Woodward, Okla. —
CONCERNS ABOUT IMPACT ON LESSER PRAIRIE CHICKENS
Thursday's EIS scoping meeting in Woodward was led by Jane Summerson, a DOE NEPA compliance officer.
In a presentation to an audience of about 25 people, Summerson shared a list of environmental topics that the DOE has identified as potential impacts to be analyzed in the EIS. These topics include land use, water use, affect on wildlife, socioeconomics, historic and cultural resources, geology and soil, human health, accidents and hazards, waste management and more.
In a question and answer period following her presentation, several audience members asked questions about issues relating to one or more of these topics.
For example, relating to wildlife impacts, a couple of audience members asked about the project's potential impact on the lesser prairie chicken.
There was concern about how if approved, the transmission line would lead to the construction of even more wind farms in prime lesser prairie chicken lands in order to provide more electricity for the transmission lines to carry. There was also concern about how the project would proceed should the lesser prairie chicken be classified as either a threatened or endangered species.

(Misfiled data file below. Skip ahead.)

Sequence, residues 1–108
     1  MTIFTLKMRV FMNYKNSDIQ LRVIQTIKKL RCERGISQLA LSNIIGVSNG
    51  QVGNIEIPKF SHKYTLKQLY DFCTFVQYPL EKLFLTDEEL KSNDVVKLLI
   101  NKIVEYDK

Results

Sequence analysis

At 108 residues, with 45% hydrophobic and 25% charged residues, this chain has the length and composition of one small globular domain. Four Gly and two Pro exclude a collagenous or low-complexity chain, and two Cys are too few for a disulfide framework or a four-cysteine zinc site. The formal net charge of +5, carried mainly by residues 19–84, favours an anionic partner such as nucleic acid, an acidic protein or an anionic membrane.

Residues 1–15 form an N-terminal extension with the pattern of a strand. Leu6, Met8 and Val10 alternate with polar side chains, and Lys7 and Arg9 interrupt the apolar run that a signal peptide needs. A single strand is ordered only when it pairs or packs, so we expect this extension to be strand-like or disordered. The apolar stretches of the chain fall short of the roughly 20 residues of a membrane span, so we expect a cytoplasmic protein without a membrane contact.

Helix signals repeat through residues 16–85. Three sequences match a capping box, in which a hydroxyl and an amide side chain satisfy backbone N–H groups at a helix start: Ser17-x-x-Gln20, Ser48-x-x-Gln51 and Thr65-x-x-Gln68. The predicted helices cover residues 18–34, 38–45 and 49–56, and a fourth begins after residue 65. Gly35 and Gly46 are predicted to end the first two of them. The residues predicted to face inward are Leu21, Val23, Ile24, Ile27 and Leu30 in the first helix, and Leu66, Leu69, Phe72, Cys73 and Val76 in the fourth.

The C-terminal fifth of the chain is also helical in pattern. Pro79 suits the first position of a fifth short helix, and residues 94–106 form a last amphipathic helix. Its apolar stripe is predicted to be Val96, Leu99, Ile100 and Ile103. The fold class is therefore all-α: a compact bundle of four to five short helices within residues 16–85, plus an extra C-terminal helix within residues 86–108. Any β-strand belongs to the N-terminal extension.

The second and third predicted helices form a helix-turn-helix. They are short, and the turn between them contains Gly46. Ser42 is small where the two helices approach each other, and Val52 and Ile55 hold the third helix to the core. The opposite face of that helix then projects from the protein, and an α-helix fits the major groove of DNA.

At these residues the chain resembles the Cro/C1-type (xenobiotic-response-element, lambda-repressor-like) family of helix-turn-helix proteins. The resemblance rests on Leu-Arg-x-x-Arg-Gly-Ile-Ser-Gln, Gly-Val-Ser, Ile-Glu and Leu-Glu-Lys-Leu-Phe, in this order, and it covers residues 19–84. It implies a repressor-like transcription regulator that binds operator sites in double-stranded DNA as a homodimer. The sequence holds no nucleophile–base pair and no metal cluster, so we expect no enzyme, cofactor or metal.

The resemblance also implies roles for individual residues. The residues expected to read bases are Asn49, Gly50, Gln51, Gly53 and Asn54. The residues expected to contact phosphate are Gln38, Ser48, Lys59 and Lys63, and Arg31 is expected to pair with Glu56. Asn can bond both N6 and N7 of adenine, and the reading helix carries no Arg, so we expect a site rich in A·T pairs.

Summerson said that the listing of the prairie chicken wouldn't prohibit construction of the transmission line. However, she said Clean Line would have to develop a plan showing how if they could not avoid impacting the prairie chicken, they would minimize impact and mitigate that impact. This plan would then have to be approved by the U.S. Fish and Wildlife Service before the project could proceed and certainly before DOE would participate, she said.
As for the construction of more wind farms, Summerson agreed that is likely should the transmission line project proceed. However, she said whoever builds those new wind farms would have to develop their own plans to avoid, or at least minimize and mitigate the wind farms' impacts on wildlife, including the lesser prairie chicken.